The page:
Using hyperlinks to various Chinese-language articles, I also supported my claims about the CEFC with plenty of evidence from my own research, articles by journalists Andrew Chubb and John Garnaut, and the landmark report on Chinese political warfare by Mark Stokes and Russell Hsiao of the Project 2049 Institute.
My objective therefore wasn’t to say that such conferences should not be held, but solely to alert consumers to the likelihood that what they were about to hear presented a very pro-Beijing position on issues ranging from its territorial claims to its attempts to annex Taiwan. Mr. Etzioni may claim all he wants that the CECF didn’t “advocate for the presentation of any particular viewpoint at the conference [or] seek to influence our selection of speakers,” the fact remains that the panel titled “Time to Decide: Contain China or Accommodate It?” only comprised individuals who favor the latter option. And why not? After all, Etzioni himself has sided with the accommodationists and the intellectuals who have made the case for ending U.S. arms sale to Taiwan in the naïve belief that doing so would secure guarantees that Beijing would drop its annexationist designs on the democratic island-nation.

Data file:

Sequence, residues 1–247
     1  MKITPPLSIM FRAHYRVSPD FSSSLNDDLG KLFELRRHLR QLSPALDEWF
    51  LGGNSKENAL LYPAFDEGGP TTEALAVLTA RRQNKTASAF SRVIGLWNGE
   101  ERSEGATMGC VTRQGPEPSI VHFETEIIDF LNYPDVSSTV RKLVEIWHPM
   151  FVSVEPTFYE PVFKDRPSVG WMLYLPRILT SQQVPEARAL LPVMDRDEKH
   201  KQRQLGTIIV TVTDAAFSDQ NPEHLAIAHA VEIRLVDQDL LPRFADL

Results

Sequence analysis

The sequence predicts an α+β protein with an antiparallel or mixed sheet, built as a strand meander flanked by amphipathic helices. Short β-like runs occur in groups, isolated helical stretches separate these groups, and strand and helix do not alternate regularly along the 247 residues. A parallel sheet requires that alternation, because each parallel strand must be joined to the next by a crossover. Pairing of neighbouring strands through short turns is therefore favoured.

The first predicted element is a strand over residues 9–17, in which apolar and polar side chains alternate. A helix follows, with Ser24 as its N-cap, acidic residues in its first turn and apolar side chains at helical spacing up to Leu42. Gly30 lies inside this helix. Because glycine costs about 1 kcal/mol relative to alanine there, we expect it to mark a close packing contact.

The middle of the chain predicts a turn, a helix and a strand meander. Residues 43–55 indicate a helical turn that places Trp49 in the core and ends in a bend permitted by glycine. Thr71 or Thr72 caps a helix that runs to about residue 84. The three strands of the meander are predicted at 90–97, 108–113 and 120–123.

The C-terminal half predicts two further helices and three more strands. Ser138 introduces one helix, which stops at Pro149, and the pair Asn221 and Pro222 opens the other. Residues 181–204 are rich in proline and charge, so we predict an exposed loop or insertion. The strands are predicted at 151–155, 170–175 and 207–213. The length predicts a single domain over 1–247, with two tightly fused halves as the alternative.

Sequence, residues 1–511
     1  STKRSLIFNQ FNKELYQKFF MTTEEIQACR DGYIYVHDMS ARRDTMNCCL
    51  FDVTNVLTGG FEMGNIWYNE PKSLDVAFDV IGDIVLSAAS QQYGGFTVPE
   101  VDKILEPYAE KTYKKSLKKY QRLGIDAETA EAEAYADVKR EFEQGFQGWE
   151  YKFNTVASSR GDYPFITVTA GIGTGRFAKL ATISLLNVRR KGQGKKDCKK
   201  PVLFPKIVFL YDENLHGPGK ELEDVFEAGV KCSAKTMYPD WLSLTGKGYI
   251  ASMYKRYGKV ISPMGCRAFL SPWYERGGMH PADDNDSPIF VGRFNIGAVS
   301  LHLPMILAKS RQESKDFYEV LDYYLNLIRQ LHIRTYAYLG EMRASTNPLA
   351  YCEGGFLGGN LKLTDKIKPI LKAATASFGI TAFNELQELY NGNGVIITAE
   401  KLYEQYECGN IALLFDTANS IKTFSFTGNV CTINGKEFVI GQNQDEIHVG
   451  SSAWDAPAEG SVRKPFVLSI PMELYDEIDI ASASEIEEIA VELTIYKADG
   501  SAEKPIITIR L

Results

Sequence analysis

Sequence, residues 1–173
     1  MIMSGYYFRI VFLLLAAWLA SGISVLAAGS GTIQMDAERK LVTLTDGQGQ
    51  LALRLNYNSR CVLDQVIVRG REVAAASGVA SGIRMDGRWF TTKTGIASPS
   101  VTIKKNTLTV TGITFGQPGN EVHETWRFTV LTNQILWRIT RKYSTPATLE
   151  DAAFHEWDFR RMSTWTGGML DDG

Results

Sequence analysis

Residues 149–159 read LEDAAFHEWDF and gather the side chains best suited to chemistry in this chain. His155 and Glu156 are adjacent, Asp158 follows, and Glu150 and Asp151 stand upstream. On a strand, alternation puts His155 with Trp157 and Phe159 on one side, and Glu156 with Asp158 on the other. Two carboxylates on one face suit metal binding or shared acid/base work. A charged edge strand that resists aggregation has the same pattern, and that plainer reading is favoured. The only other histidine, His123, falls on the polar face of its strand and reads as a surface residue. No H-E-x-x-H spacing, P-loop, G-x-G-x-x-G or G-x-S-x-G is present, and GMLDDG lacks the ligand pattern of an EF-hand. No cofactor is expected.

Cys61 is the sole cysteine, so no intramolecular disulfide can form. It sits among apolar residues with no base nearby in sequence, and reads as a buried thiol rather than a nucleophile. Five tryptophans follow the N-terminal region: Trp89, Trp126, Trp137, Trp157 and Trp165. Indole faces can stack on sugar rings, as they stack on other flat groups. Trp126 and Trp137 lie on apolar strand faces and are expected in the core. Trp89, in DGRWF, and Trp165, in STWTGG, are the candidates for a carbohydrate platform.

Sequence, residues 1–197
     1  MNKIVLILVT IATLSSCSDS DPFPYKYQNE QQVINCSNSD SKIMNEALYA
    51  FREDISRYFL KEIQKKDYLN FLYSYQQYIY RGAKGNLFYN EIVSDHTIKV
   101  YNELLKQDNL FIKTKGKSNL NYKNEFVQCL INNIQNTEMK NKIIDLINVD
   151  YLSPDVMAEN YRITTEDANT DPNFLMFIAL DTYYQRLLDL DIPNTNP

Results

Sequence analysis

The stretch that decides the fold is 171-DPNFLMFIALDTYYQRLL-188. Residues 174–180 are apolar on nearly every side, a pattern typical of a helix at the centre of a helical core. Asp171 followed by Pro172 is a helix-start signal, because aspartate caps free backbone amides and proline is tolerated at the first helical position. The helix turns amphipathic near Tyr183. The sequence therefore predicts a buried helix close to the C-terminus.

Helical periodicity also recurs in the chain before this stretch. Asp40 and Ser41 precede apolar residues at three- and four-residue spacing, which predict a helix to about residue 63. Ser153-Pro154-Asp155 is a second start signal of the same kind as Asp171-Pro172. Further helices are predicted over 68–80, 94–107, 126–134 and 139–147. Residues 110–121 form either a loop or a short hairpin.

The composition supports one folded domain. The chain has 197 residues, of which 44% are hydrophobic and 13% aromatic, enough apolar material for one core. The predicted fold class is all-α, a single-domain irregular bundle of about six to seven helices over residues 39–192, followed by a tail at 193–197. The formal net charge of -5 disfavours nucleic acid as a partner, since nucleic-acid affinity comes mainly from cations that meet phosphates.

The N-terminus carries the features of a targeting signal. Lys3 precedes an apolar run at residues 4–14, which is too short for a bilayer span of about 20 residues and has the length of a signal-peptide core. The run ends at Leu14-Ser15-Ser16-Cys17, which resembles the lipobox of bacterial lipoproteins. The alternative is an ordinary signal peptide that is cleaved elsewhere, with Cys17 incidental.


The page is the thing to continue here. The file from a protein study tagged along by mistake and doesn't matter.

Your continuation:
Etzioni seems to have concluded that I was aiming to silence the “doves” and, presumably, of siding with war-hungry militarists. This is the usual trope, which turns logic on its head: call for the defense of democracy or respect for international law, and you’re a “hawk.” And that is where I think we enter sensitive territory with individuals like him. Although I have no doubt that Mr. Etzioni, who says he has seen combat, has pure intentions and wants to encourage dialogue between the U.S. and China, I fear that his noble intentions are being exploited by wolves passing off as doves. With all due respect to the old sociologist, there is nothing “dovish” about an increasingly authoritarian regime that builds military airstrips in the South China Sea, holds a fascist-style military parade to mark the 70th anniversary of the end of World War II in the Pacific, threatens a democratic neighbor with military invasion, occupies two nations and ethnically cleanses them, and that oppresses its own people by locking up dissidents, lawyers, writers and a Nobel Prize winner, and censors its media. I’m not saying we should demonize the CCP, but let’s not kid ourselves: we’re not dealing with doves here.
The CCP has demonstrated a keen talent for identifying individuals — prominent academics, retired generals and so on — who can be manipulated to further the Chinese cause. Some are conscious that this is happening; others, customarily known as “useful idiots,” aren’t. I believe that Mr. Etzioni falls in the latter category, and that his indignant reaction to my article stems from the all-too-understandable resentment at being proven to have been duped by the CCP.